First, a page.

Ti’s CEO speaks at UN conference on maritime logistics


John Manners-Bell is moderating and speaking at a United Nations conference entitled ‘Global Supply Chain Forum Transport, logistics, and trade facilitation for sustainable development’ taking place in Barbados, May 21-24th 2024.

Whilst political, technological, environmental and economic trends are having a transformative effect on supply chains on a global basis, their impact is being felt most acutely at a local level, not least in Small Island Developing States in the Caribbean.

Although the world’s economy has been fragmenting for the past decade, the risks involved in supply chains became most apparent during the Covid crisis. Governments across the region experienced difficulties in procuring a whole range of goods supplied from abroad including personal protective equipment (PPE) and medicines. However, in addition to this, tourism and agricultural supply chains were hit hard as a result of border closures and airline and cruise line cancellations. At a basic level it proved impossible for exporters in the region to procure packaging such as cans, bottles and plastic containers, affecting small and medium-sized businesses in particular, the bedrock of the Caribbean economy.

Since then, the region has also felt the impact of disruptions to the shipping industry, most recently the drought which reduced the transits of the Panama Canal, delaying shipments from China and increasing shipping costs, and even the diversion around the Suez Canal which has pushed up global shipping rates.

Whilst disastrous in the short term, many governments believe that the Covid pandemic could be a watershed moment for the region. It has focused minds on making supply chains more resilient through a wide range of policy initiatives. These include far more localization and regionalization of supply, making islands less dependent on the USA, Europe or China. This would ideally involve more on-shoring of manufacturing presently undertaken elsewhere. In order to facilitate the movement of goods on an intra-regional basis, some believe that there needs to be investment in faster and more frequent ferry services linking the islands more effectively. Also supply chains need to be more circular, enabling products to be reused and recycled, reducing the need for so many imports.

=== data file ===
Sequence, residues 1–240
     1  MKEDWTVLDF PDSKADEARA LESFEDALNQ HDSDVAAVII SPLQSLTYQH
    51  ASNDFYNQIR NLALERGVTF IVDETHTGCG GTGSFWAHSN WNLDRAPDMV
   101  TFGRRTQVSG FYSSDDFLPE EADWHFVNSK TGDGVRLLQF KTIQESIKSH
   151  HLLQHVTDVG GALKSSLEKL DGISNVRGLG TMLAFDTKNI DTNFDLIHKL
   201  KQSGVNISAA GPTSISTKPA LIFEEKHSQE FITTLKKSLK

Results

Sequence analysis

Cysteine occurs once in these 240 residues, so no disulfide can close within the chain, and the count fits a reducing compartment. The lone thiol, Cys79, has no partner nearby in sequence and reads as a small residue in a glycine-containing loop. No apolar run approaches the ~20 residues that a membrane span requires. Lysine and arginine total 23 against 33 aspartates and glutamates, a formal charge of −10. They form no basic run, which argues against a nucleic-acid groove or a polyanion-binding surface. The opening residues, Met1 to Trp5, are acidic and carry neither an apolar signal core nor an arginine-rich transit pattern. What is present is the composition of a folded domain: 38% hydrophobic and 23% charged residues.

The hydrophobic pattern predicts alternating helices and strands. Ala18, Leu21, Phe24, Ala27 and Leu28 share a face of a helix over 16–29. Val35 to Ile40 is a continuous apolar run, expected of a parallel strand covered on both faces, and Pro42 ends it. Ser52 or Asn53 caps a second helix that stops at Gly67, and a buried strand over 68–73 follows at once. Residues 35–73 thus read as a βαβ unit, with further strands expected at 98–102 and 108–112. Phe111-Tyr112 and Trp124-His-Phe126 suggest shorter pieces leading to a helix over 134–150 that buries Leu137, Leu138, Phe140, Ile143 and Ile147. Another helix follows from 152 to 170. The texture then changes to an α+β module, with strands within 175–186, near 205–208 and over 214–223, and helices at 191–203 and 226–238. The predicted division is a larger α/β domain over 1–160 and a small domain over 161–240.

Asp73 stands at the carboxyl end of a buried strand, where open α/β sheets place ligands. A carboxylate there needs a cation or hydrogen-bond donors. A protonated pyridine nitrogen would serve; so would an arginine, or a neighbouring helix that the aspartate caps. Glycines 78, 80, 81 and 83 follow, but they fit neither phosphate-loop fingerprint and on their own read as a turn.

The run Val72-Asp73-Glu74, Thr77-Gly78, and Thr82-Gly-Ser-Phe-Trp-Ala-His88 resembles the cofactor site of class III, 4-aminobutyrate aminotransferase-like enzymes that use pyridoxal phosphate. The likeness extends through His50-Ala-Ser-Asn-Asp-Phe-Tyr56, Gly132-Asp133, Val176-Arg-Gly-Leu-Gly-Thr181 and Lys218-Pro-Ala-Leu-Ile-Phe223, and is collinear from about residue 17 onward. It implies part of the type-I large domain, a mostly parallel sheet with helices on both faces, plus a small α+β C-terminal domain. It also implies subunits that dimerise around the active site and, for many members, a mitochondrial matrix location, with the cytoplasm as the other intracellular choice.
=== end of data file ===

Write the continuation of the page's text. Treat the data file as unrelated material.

Some politicians also believe that there could be benefits from the present trend of near-shoring, already a major force for economic growth in Mexico. For example, Roberto Alvarez, Minister of Foreign Affairs of the Dominican Republic, believes that some supply chains could be restructured to include the Caribbean region, helping manufacturers avoid the tariffs which have been imposed by successive US administrations on Chinese imports. He has gone on record as saying, “In the case of the world’s largest market, the United States, nearshoring represents a big opportunity for countries in the Caribbean and Central American regions”.

However, for these opportunities to become reality, much work needs to be done in terms of logistics infrastructure and services. Reports have highlighted that many ports lack equipment and that which exists is often in a poor state of repair; accessibility of ports is often difficult; ports often lack autonomy and investment (private and public); IT systems are weak and labour needs restructuring at key ports.

The region is also being disadvantaged by the longstanding shipping industry trend towards more efficient but ever larger vessels. According to the Caribbean Development Bank, new generations of ships can only call at a small number of large hub ports and this will mean an increasing level of transhipment to vessels small enough to call at many of the islands. In turn this will add cost and time to deliveries.

In summary, high costs, inefficient logistics operations, limited investment and constrained competition mean that it is challenging for Caribbean exporters to compete on a global scale.

However, there are government initiatives which could reduce trade friction. The new Maritime single window CARICOM IMPACS, developed in collaboration with national border control agencies, will facilitate the movement of low risk shipments across the region whilst identifying those which present a security risk. Governments must also invest in logistics, financial and ICT infrastructure as well as providing a secure, stable and business friendly environment for foreign investors. Manufacturers and logistics companies can also play a role by undertaking risk assessments and crisis training to ensure the resilience of their supply chains.

There is no doubt that Small Island Developing States face many challenges from the global forces which are presently transforming supply chains and the logistics and shipping industry. However, the right policy decisions can ensure that the region’s economy can become more robust and better able to cope better with high levels of volatility, complexity and uncertainty which are likely to characterize markets for many years to come.

Author: John Manners-Bell

Source: Ti Insight


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